It is important to note that had the organizers in fact decided to refuse to take down the photograph, they would have been well within their rights to. They were not doing anything illegal. Whether it was ethical or not is open to debate. but that's exactly what there should have been. A debate. Not a physical attack. This is extremely important for everyone to realize. There is no law in Pakistan that would consider the display of that picture illegal or obscene. We may be a lot of things but we are not China and we are not the United Arab Emirates. Political commentary is still protected speech.
A long time ago, before I decided to throw away my life and become a musician, I was a journalism student, and the issue of free speech has always been a crucial one. I studied journalism in the US. When it comes to the laws on free speech, I admit I am better versed in US law than Pakistani law. But I do know that displaying a picture like the one at Shanaakht, while it may be offensive, is not illegal. It does not fall under the same category as blasphemy. However you would think from the reactions of the PPP and people over the internet that some religious figure had been mocked or insulted. That is not what has happened.
The point I am trying to make here is that freedom of speech is not a clean cut golden shining value that is going to make all of us happy. It is dirty, and messy but it is the most important value we have. It is worth dying for. Freedom of speech doesn't just mean allowing the people who agree with you to speak. Freedom of speech was made for the people who disagree with you.
"Goebbels was in favor of free speech for views he liked. So was Stalin. If you're in favor of free speech, then you're in favor of freedom of speech precisely for views you despise. Otherwise, you're not in favor of free speech"
Noam Chomsky, Manufacturing Consent: Noam Chomsky and the Media (1992).
We can't simply cherry pick the freedoms of speech we like and disregard the others. We must learn to accept that when we fight for the right to say what we think, we must be prepared to hear things and see things we may not want to.
It scares me that freedom of speech is such a lowly regarded value here in Pakistan. It's worrying because its not just uneducated people or fanatics who disregard it, it is educated people who are politically and morally conscious. The freedom of expression is the God-given right of every man, woman and child on this planet.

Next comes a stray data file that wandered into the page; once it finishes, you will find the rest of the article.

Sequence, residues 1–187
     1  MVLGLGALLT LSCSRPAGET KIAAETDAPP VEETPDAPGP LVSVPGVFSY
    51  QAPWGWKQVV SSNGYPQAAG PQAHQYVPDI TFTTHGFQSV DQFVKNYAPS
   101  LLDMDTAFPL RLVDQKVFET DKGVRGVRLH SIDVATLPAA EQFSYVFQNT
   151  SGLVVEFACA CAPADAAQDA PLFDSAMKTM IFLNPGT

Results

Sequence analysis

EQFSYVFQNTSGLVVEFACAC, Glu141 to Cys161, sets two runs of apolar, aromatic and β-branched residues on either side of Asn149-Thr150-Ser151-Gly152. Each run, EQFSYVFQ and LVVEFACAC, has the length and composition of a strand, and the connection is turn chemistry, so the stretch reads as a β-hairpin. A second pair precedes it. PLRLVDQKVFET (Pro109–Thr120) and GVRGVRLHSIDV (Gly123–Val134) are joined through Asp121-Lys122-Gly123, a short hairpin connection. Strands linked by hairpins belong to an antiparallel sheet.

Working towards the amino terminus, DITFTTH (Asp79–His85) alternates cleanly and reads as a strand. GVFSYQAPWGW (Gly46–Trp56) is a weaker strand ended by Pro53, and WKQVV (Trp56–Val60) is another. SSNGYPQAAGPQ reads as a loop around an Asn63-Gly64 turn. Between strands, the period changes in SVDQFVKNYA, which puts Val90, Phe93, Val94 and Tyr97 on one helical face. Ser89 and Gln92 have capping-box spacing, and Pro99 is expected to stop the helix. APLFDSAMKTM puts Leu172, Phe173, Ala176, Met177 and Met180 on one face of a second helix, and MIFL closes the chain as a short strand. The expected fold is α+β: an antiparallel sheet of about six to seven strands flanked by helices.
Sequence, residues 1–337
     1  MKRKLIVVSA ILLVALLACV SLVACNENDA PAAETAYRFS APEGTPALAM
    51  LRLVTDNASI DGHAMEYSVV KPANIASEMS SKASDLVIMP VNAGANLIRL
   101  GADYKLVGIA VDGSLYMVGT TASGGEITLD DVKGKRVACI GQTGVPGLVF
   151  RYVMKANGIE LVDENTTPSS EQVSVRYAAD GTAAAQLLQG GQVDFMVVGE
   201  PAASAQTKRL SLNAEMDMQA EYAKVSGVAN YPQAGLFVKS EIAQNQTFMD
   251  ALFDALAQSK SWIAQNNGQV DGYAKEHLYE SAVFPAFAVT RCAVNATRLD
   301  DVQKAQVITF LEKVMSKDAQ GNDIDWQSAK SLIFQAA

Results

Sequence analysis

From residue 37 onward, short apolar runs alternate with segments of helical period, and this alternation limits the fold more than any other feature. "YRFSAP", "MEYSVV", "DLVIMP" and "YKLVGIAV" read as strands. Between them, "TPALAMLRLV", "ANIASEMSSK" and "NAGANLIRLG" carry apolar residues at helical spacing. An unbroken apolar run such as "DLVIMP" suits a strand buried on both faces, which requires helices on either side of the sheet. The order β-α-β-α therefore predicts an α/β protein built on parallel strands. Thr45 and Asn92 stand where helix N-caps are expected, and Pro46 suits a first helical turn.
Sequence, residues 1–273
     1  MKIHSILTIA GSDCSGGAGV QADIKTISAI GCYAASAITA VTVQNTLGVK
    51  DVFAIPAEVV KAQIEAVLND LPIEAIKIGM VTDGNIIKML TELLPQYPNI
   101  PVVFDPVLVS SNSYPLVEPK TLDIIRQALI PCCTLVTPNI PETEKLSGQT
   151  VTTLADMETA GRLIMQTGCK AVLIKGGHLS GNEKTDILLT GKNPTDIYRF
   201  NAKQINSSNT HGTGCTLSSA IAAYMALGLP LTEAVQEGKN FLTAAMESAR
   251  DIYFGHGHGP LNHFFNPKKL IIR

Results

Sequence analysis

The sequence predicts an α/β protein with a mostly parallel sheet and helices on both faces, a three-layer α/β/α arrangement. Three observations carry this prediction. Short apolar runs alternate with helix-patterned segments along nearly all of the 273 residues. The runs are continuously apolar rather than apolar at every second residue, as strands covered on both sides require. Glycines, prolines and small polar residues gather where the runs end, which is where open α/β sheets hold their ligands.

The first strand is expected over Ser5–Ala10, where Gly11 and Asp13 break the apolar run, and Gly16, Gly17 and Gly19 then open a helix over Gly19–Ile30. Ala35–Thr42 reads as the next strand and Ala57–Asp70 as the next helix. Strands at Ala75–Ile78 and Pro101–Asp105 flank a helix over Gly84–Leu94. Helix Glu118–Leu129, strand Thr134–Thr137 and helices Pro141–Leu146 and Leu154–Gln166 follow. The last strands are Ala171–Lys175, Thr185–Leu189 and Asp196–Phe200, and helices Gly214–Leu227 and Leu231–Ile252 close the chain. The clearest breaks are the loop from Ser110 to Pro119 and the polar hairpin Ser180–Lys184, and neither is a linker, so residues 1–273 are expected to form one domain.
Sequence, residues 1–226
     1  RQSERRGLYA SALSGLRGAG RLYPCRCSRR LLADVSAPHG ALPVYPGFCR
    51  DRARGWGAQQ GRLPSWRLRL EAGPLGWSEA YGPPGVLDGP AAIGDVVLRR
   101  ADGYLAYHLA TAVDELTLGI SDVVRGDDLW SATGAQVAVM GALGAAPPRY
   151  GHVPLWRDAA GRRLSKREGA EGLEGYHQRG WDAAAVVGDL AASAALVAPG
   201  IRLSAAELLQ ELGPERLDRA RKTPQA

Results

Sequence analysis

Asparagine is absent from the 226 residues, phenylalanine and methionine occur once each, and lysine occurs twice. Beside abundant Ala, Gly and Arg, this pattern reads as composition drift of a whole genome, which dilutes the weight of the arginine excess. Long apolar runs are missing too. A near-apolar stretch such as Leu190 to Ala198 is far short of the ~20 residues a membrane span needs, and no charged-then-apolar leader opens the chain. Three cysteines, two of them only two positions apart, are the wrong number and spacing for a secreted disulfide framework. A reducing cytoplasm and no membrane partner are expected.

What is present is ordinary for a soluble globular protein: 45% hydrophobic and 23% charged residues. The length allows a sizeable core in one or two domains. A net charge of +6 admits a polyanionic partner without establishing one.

We are Pakistanis who may not have a lot to celebrate but we can celebrate the fact that we can criticize our government and we will not back down when they censor us and we will protest when they block out our news or violate our Constitution. Is this the same country that only a few weeks ago loudly exercised their right to free speech by marching on the government and loudly denouncing it's leaders? Once again, we should be on our hands and knees savoring every moment of the few freedoms we have. Because somewhere in North Korea, there are terrified people who fear for their lives for so much as suggesting regime change. Somewhere in the United Arab Emirates there are activists being whisked away by secret police for daring to criticizie the Draconian laws of the state.
And here we are expressing our opinion on the Internet, freely, without fear of being violently reprisal. And if you cherish this freedom and are willing to fight for it, you must denounce those who try to take it from you. It doesn't matter that you find the photograph at Shanaakht offensive. It doesn't matter if you thought it was art or not. What matters is that it was somebody's expression and no matter what it was, whether you agree with it or not, it is your duty as a Pakistani to stand up and defend their right to say it.
We have a real opportunity for debate and discussion here and while the events of last week are tragic, it will give us an opportunity to talk about it, in a hopefully civilized way. You have my point of view. Now lets hear yours.
"I disapprove of what you say, but I will defend to the death your right to say it."
Evelyn Beatrice Hall, writing as S. G. Tallentyre in 1906 (commonly attributed to Voltaire, of whom Hall wrote a biography).